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Date: Wed, 03 Sep 2014 15:29:56 -0700
From: Alex Elsayed <eternaleye@...il.com>
To: discussions@...sword-hashing.net
Subject: Re: Re: Re: Second factor (was A review per day - Schvrch)

Andy Lutomirski wrote:

> On Wed, Sep 3, 2014 at 2:32 PM, Alex Elsayed
> <eternaleye@...il.com> wrote:
>> Andy Lutomirski wrote:
>>
>>> On Wed, Sep 3, 2014 at 12:31 PM, Alex Elsayed
>> However, here's another try:
>>
>> The user 'U' holds a PIN 'N' and a password 'P'
>> the token 'T' holds a secret value 'X'
>>
>> 1.) T and U execute a PAKE over N, yielding channel C_t
>> 2.) U sends P over C_t
>> 3.) T combines X and P, yielding Y
>> 4.) A and T execute a PAKE over Y, yielding channel C_a (U relays
>> messages) 5.) T sends its derived key for C_a over C_t
>> 6.) U and A are now authenticated (or not, but 'not' leaks no
>> information)
>>
>> I suspect the method used to combine X and P is pretty much irrelevant,
>> since Y never leaves the token, meaning that the token can get away with
>> being nothing more than a PAKE implementation and a tiny amount of
>> storage.
>>
>> To recap your requirements:
>>> a) Use of the token is protected by a passphrase.
>>
>> Yep - without the PIN, the initial secured channel cannot be established.
>>
>>> b) The token can't tell whether a given passphrase is correct or not.
>>
>> Yep - it simply composes the user secret and its own secret.
>>
>>> c) If the token is honest, then no one can test a candidate passphrase
>>> without querying the token once per passphrase tested.
>>
>> Yep - because the token executes the PAKE protocol with the auth server,
>> it can't be cut out of the loop.
>>
>>> d) If the token is stolen but the computer it's in remains
>>> uncompromised, then the token is completely useless to an attacker.
>>
>> Yep - because of the properties of a secure PAKE, nothing that could be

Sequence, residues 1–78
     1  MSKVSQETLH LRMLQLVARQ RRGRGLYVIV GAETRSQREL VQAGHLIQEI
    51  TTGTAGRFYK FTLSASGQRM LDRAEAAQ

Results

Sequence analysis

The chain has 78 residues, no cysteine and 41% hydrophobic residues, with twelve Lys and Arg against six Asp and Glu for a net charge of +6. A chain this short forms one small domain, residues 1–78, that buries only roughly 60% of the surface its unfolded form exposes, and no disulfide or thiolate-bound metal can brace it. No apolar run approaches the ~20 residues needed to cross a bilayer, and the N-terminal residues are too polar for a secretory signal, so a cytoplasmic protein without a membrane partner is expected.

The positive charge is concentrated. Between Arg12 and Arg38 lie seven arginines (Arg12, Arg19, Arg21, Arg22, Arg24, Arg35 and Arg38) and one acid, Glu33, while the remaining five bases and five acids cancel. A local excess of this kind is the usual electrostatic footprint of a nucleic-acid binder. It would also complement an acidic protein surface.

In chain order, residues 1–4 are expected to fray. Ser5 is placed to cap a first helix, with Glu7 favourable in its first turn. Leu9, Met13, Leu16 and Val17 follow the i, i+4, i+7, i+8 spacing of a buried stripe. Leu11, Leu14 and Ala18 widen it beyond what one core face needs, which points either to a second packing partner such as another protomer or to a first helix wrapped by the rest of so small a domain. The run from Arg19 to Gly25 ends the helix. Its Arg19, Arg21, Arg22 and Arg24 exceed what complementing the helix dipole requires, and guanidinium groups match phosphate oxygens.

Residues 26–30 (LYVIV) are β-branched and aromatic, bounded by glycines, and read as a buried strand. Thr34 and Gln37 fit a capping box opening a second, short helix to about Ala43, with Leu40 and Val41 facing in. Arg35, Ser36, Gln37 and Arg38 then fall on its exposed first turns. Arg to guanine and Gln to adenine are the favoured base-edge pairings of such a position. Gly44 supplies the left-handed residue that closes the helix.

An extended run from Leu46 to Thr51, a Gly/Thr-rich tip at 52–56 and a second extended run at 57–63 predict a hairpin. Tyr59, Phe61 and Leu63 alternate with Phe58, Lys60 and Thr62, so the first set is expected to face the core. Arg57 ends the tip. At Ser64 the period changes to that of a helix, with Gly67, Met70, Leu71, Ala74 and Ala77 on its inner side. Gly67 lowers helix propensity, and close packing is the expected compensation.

>> used to recover X ever leaves the token, and P was never present.
>>
> 
> Nice.  I think I agree, as long as P actually something derived from
> the passphrase and something stored on the user's computer as opposed
> to being an actual passphrase.

I disagree - processing the passphrase before handing it to the token gives 
no additional security, AFAICT, because whatever you give to it is 
sufficient to authenticate as you. If someone snoops the processed whatever, 
the security failure is exactly the same as snooping your passphrase when no 
processing is done.

As a simplified case, imagine a server that stores H(P), and you send P in 
plaintext. Clearly, Eve can just snarf P off the wire, and authenticate as 
you.

But the server storing H(H(P)) and you sending H(P) doesn't prevent that in 
any way; it just means Eve now snarfs H(P) and authenticates as you.

Besides, why store _anything_ on the user's computer? The user types in N, 
and then P, and neither has any related data stored anywhere on the 
computer; the less you process P the less time it spends resident in memory 
as well. Treat it like a hot potato and hand it straight to the token.

This also avoids "my hard drive died" failures.

> Maybe I should try to implement something like this for OpenSSH :)  If
> only the world could agree on a simple, fast patent-free augmented
> PAKE with a good security proof.  I think that some of the
> EKE/Elligator stuff works nicely as a balanced PAKE.  I guess the IPR
> situation for AugPAKE as specified in RFC6628 might be workable.

SRP is clean AIUI - there was some FUD, but the relevant EKE patents a.) 
were explicitly avoided according to the SRP folks, b.) were never litigated 
and c.) expired in 2011/2013

Or at least that's what I recall.

Plus, OpenSSL already supports it.

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